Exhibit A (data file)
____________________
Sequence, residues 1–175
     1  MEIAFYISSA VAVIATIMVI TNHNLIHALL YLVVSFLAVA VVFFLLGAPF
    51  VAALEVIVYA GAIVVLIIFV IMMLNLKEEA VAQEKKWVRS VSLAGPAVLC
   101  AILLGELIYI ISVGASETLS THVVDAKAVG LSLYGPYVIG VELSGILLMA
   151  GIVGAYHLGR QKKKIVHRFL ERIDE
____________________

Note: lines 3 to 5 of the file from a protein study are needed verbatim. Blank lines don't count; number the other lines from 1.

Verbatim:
    51  VAALEVIVYA GAIVVLIIFV IMMLNLKEEA VAQEKKWVRS VSLAGPAVLC
   101  AILLGELIYI ISVGASETLS THVVDAKAVG LSLYGPYVIG VELSGILLMA
   151  GIVGAYHLGR QKKKIVHRFL ERIDE